The Boy Next Door Blu-ray Review

Jennifer Lopez gets caught playing peekaboo and more with the new hunk on the block in director Rob Cohen’s The Boy Next Door. It’s hard to resist the concept of JLo being seduced by some guy that she’s got more than a decade on. As silly and absurd as that concept is, what happens after a night of discretion is so bad that it isn’t even remotely funny.

There were allusions to Fatal Attraction when The Boy Next Door began its theatrical run but I knew better. Those few who saw it in cinemas already knew the film from the trailers that covered every act of the film. Like me, they were probably most interested in seeing how Lopez handled being the film’s lead.

Lopez could have put forth an Academy-Award winning performance as Claire and it wouldn’t have helped the story along any. Forget suspending disbelief when the “boy” shows up and looks like he graduated from college in Obama’s previous term. The script by newcomer Barbara Curry tries to dance around his fact by claiming the high school student is “almost 20,” but Ryan Guzman looks closer or older than his actual age at filming of 27.

Guzman’s Noah character is introduced as the nicest guy you can possibly imagine. He’s caring for his wheelchair-bound uncle after his parents died. He kisses him on the head and jumps into any chore that crosses his path. He even jumps into the life of Claire, her son and cheating husband in less than a day’s time.

After a rainy late night romp with Claire in the sack that Cohen is wise enough to revisit in flashback knowing it’s the main attraction, Noah turns into a psycho stalker who immediately begins to terrorize and torment Claire as his property. Adding insult to injury is Claire being reluctant to tell anyone save for her best friend — including the police — for fear that her indiscretion will go public and any hopes of rekindling a life with her husband will be shot.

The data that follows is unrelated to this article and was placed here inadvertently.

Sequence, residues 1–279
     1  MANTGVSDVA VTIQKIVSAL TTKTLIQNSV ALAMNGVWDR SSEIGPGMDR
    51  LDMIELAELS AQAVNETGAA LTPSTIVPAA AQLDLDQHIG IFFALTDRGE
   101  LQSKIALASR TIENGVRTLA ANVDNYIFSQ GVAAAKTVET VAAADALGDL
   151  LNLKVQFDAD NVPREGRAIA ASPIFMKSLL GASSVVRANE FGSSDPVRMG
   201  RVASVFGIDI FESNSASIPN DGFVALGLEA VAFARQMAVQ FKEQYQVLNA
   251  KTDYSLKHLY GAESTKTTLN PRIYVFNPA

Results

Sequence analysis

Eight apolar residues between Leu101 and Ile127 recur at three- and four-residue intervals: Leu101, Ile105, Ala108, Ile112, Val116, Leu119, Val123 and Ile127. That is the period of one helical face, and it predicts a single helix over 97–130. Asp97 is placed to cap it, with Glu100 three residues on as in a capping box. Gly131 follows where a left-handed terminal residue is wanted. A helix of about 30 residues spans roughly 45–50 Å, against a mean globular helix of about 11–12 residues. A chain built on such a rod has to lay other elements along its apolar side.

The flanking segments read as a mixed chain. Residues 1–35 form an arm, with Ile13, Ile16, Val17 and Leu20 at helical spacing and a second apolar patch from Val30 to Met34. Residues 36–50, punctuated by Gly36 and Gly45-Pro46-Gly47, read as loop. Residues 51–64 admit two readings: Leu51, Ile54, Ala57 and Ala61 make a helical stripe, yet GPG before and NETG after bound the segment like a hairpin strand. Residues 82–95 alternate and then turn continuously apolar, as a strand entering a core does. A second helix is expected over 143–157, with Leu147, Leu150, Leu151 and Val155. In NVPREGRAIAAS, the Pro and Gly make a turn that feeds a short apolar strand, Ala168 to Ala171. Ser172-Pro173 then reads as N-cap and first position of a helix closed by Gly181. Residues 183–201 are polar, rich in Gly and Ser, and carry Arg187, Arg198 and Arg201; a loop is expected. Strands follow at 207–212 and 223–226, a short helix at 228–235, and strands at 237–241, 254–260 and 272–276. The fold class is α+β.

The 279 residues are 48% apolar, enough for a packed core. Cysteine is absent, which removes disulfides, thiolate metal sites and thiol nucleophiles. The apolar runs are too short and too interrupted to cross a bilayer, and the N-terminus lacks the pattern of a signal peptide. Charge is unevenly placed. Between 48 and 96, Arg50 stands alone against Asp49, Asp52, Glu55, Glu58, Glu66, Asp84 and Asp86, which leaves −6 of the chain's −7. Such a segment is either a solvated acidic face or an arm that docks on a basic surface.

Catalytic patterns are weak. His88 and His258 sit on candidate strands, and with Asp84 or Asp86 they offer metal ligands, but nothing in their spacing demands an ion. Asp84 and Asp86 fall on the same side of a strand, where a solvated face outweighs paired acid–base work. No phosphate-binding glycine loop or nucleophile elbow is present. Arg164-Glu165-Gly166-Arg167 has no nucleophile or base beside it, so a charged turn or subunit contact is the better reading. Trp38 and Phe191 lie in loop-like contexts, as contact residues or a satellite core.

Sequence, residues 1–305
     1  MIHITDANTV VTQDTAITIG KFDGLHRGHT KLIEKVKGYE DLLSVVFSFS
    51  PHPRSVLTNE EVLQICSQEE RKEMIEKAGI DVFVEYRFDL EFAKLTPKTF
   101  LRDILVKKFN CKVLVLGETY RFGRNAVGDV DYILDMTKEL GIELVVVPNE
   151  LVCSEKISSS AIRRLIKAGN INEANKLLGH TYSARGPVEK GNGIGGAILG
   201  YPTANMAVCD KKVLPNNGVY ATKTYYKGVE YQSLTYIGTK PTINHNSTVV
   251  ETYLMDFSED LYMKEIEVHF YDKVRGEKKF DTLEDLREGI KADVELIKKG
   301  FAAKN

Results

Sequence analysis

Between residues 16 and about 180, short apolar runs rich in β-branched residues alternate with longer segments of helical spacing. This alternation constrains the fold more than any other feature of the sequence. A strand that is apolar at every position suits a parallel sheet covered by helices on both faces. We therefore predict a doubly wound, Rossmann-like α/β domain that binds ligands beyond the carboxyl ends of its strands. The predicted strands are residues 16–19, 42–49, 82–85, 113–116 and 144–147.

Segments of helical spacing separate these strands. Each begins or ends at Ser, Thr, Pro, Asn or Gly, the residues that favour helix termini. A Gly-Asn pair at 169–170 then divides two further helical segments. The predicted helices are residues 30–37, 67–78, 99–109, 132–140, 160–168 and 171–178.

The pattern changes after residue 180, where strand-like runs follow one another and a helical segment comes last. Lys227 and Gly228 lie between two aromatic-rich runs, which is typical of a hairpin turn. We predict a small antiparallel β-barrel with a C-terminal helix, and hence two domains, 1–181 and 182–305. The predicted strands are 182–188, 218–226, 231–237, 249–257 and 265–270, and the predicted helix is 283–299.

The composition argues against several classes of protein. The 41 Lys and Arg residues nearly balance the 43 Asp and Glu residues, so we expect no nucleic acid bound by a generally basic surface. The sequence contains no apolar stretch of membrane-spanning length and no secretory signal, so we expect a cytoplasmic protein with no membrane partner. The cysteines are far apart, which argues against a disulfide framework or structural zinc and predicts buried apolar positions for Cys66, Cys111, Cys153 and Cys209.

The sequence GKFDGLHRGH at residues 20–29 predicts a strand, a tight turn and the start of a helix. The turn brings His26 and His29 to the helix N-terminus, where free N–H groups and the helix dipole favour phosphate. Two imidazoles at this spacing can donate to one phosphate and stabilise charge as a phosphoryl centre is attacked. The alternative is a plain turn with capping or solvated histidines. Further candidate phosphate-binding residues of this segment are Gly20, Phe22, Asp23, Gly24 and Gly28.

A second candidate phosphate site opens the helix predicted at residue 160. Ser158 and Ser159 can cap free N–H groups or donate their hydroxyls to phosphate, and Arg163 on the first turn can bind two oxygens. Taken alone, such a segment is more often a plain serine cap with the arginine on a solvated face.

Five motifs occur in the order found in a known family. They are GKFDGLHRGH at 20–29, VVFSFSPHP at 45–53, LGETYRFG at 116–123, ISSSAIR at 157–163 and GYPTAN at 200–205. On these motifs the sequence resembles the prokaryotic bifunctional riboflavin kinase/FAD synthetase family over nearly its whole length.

Punctuating the film’s mess is the final act in which all the characters come together in a set featuring the slowest burning building in the history of film. It’s bad, but like much of the film is played seriously so you don’t want to laugh, scream or emote in any way other than be thankful when it’s over.

To Universal’s credit they put some effort into The Boy Next Door high definition Blu-ray transfer. Most of the challenging dimly lit scenes including the pivotal moment that Claire is caught spying a naked Noah in the rain and the final confrontation hold together with consistency. There is some very minor black crush here and there but nothing to pull a Noah over. Likewise the 5.1 DTS-HD Master Audio stands up with solid audio throughout, though overall the mix feels a little front-heavy and devoid of surround.

Bonus features are relatively light and led by a feature-length commentary from director Rob Cohen who plays it fairly straightforward and informational as opposed to comical. Five deleted scenes add some additional sap, while a 10-minute making-of featurette goes through the standard paces. Also included is the DVD and a Digital HD copy.

Apart from an affair gone bad, there’s no comparison between Fatal Attraction and The Boy Next Door. The former was conceived and film to make the hair on your arm raise up and the latter an excuse to put Jennifer Lopez in the lead and let her flaunt her ageless body. Maybe that’s the reason Universal put some extra effort into making sure the Blu-ray looks great.

The Boy Next Door Blu-ray cover art

out of 5

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